Aug. 16, 2017
Nearly one-third of children in the United States live in a household where a language other than English is spoken. At school, one in ten receives services as an English learner (EL), the fastest-growing student group in K–12 public education. Across diverse geographic and political contexts, schools play a critical role in integrating these students into American society, equipping them with English mastery for strong college and career outcomes.
Success with this population matters. So, how can state and local leaders tell if a school or district is doing a good job with ELs? This seemingly simple question yields fuzzy answers. Data policies on EL outcomes are often complexly designed and generate information that is frequently misinterpreted. As a result, many states’ and districts’ vision of what constitutes excellence for ELs is blurry at best. When exemplars are hard to see, it is hard to learn from and replicate their successes.
Worse yet, data about ELs are often downright misleading in ways that can present these students as an unsolvable problem or a liability. For example, it is common to refer to a large, stagnant “achievement gap” between ELs and native English speakers. This rhetoric is useful to attract public attention to the needs of a historically marginalized population. However, the framing quickly becomes a catchall phrase that misrepresents the issue. If stakeholders are serious about closing an EL “gap,” they will need to diagnose the root causes of it in the data, understand its contours, and have a means to detect whether they are making progress.
Understanding and drawing inferences from EL data is complicated for a variety of reasons. This report, Seeing Clearly: Five Lenses to Bring English Learner Data into Focus, offers a framework of five corrective lenses that are critical for viewing this population accurately:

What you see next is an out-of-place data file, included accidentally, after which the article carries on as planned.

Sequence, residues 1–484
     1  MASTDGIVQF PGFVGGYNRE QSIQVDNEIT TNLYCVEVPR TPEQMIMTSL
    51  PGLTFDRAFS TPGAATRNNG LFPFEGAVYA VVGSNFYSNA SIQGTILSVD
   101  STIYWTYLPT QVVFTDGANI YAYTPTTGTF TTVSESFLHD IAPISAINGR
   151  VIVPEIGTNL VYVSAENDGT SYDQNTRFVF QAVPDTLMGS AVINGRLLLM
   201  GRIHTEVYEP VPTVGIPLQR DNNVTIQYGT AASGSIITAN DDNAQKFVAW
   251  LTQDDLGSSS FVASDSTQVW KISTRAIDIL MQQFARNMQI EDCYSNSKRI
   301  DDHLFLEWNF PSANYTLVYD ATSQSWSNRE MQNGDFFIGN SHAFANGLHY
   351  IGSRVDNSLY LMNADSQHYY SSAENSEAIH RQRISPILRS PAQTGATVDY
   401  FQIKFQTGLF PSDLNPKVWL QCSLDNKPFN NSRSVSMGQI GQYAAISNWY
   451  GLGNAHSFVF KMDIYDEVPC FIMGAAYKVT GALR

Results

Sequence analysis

- The EL subgroup is not static.
- Learning a language takes time—but not forever.
- ELs at different stages progress at different rates.
- English skills impact academic performance.
- Poverty affects most ELs and, as a result, their educational outcomes.
These EL data quandaries are not new. For years, academics have noted issues with EL data collection, reporting, and accountability policies. However, the research has struggled to gain comprehensibility with practitioners, advocates, community stakeholders, and the media, to say nothing of policymakers. There is a clear “translation” problem of communicating what researchers have identified in academic circles into plain, actionable language on the ground.
Moreover, there is a disconnect between EL specialists and general educator professional communities. While EL educators are often well aware of data challenges, their insights rarely reach leaders at all levels. In the words of Lesli Maxwell, editor of Education Week, the data issues are a “hot topic in the world of EL[s]” but struggle to gain traction more broadly.
Now, in light of new flexibilities for setting EL outcomes, goals, and accountability metrics under the federal Every Student Succeeds Act (ESSA), it is critical to explain these issues and build data literacy among a wider audience. In the ESSA era, ensuring equity and transparency for ELs will require expanding the coalition of stakeholders who understand EL-related data beyond just technical experts. This paper shines a light on data challenges and sets a vision for how to improve the collection, use, and interpretation of EL data. Ultimately, EL data conversations must shift from the margins to the core of equity-minded education reform.
A companion case study to this report, Pioneering Change: Leveraging Data to Reform English Learner Education in Oregon, illustrates what it looks like to put principles for EL data into action through policy changes. State leaders in Oregon passed legislation and revised policies to design more thoughtful EL data indicators, codify more transparent reporting requirements, and link data insights to additional support for ELs.